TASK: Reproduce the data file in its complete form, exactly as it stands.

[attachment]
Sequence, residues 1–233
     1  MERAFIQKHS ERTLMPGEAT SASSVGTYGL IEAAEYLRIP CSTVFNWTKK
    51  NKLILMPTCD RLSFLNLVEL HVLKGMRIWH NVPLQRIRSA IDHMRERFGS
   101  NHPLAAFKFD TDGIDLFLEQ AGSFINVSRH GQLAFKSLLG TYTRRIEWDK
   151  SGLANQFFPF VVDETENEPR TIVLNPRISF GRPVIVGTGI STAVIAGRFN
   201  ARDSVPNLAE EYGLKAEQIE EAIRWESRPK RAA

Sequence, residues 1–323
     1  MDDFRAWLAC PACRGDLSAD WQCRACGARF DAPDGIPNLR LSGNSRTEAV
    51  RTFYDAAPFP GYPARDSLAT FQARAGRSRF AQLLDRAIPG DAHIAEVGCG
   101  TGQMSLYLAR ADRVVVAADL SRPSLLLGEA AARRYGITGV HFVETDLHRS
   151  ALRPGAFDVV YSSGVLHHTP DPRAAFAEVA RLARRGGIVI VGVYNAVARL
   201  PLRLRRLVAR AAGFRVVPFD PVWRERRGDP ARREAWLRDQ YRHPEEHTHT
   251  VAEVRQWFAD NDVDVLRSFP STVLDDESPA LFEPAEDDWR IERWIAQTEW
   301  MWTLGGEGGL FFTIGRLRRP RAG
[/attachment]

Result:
Sequence, residues 1–233
     1  MERAFIQKHS ERTLMPGEAT SASSVGTYGL IEAAEYLRIP CSTVFNWTKK
    51  NKLILMPTCD RLSFLNLVEL HVLKGMRIWH NVPLQRIRSA IDHMRERFGS
   101  NHPLAAFKFD TDGIDLFLEQ AGSFINVSRH GQLAFKSLLG TYTRRIEWDK
   151  SGLANQFFPF VVDETENEPR TIVLNPRISF GRPVIVGTGI STAVIAGRFN
   201  ARDSVPNLAE EYGLKAEQIE EAIRWESRPK RAA

Sequence, residues 1–323
     1  MDDFRAWLAC PACRGDLSAD WQCRACGARF DAPDGIPNLR LSGNSRTEAV
    51  RTFYDAAPFP GYPARDSLAT FQARAGRSRF AQLLDRAIPG DAHIAEVGCG
   101  TGQMSLYLAR ADRVVVAADL SRPSLLLGEA AARRYGITGV HFVETDLHRS
   151  ALRPGAFDVV YSSGVLHHTP DPRAAFAEVA RLARRGGIVI VGVYNAVARL
   201  PLRLRRLVAR AAGFRVVPFD PVWRERRGDP ARREAWLRDQ YRHPEEHTHT
   251  VAEVRQWFAD NDVDVLRSFP STVLDDESPA LFEPAEDDWR IERWIAQTEW
   301  MWTLGGEGGL FFTIGRLRRP RAG